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A Disgrunted Response to the Latest Pickleball Noise Complaint 

Murmurs from the Losers' Bracket Frank Cerabino 05-29-2024

Oh, no. Another broadside from the world of tennis has been fired upon our beloved game of pickleball. 

It’s understandable. Pickleball is spreading like a virus, and in the process, swallowing up some tennis courts, or at least forcing tennis enthusiasts to play in the vicinity of newly commissioned pickleball courts. 

Once that happens, it’s clear to see which sport is growing in popularity. Some tennis players accept this new recreational landscape and make room for the pickleball courts without complaint. 

But others can’t help taking swipes at pickleball by preaching a kind of resistance that’s probably something akin to the way the horse-and-buggy industry reacted to the dawn of the automobile. 

We here at Murmurs from the Losers’ Bracket have taken notice of one of these swipes – a rather erudite effort – that was published recently in The Wall Street Journal, of all places. 

The piece, entitled, “Why pickleball sounds are so annoying?” is a scientific explanation about why the “tock” of a pickleball hitting a paddle is allegedly so intolerable to human ears.

At least, some human ears. 

The author, Eugenia Chang, acknowledges her own personal disappointment with losing tennis courts to pickleball. Then she goes into a college-level explanation about why the “pleasant ringing sound” of a tennis ball striking a stringed racket is so much better than the “waveform of sound” that comes from those pickleball ball-paddle interactions. 

“Pickleball sounds aren’t louder or particularly higher overall than other sounds of balls being struck, but they have some high-pitched frequencies that crucially contribute to the timbre,” she writes. 

“The sounds have been analyzed to have a spike in overtone frequencies around 1000 Hertz, about two octaves above middle C, toward the top end of a soprano range,” she continues. “Those frequencies don’t carry further across the air, but human ears are more sensitive to them so we hear them more clearly at a distance and, perhaps, find them more aggravating.” 

If you’d like to read the whole article, here’s a link: 

I don’t doubt that some people find that the sounds coming from a pickleball court can be aggravating at times. But to be fair, so do the sounds coming from a basketball court, a children’s playground, a baseball field, a public swimming pool, yes, even a tennis court. 

And given the option, nobody would want to have their home right next to any of those recreation areas where, let’s face it, the most reliably frequent annoying sounds come not from the equipment, but from the mouths of the people playing their games.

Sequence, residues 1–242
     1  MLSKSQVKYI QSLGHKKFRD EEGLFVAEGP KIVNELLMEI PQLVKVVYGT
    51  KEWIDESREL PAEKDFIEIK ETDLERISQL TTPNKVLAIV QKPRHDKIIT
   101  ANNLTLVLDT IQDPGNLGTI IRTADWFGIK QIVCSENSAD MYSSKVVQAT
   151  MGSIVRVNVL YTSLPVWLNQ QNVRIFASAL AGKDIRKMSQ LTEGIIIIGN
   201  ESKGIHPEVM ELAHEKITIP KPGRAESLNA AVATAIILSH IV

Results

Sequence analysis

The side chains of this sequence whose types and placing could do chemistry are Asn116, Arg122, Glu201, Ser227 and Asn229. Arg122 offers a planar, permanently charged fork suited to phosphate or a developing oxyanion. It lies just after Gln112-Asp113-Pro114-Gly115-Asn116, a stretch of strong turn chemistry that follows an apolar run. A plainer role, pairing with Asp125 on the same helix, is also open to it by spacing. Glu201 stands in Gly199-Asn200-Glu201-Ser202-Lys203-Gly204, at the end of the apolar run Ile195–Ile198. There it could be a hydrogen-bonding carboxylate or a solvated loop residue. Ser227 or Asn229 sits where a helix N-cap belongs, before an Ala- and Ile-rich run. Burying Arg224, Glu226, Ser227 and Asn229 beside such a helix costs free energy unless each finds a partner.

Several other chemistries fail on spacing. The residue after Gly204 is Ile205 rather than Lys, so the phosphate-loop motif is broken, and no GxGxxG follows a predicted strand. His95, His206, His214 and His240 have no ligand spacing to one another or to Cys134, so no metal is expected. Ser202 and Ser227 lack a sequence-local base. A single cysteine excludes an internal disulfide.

And if we’re talking about people sounds, there’s nothing “pleasant” coming from a tennis court. 

Tennis players are often prone to grunting when hitting the ball. It started off with women players, but men are doing it now too. 

And it’s not just a gentle little exhalation of air. I’m talking about a lung-emptying sound that starts in the diaphragm and sometimes ends in a second higher pitch at the conclusion of the grunt. 

Something like, “Huughhhh-ieaaaahhh” 

I frequently play pickleball in a facility that has adjacent tennis courts, and the sounds of grunting tennis players frequently drifts into the pickleball courts. 

I don’t know if there are overtones of high-C involved, but it’s audible and constant. If you didn’t know any better, you’d think some poor hapless animal was being tortured on the other side of the opaque windscreen. 

Say what you will about pickleball, but it’s a grunt-free game. There are no grunt-generating overhead serves involved. And the court’s just not big enough during a doubles match to warrant any vocal theatrics from players who have to move usually not more than two steps. If you hear somebody grunting on a pickleball court, call 911. He or she may be trying to pass a kidney stone.


Read past editions of Murmurs from the Losers’ Bracket, including:

Frank Cerabino is a long-time columnist for the Palm Beach Post in Florida, a pickleball addict like the rest of us, and a newly published author. Check out Frank’s newly released book, I Dink, Therefore I Am: Coming to Grips with My Pickleball Addiction (available on Amazon and a great read (or gift!) for any pickleball player), for pickleball tips and laughs!

I Dink, Therefore I Am | Frank Cerabino


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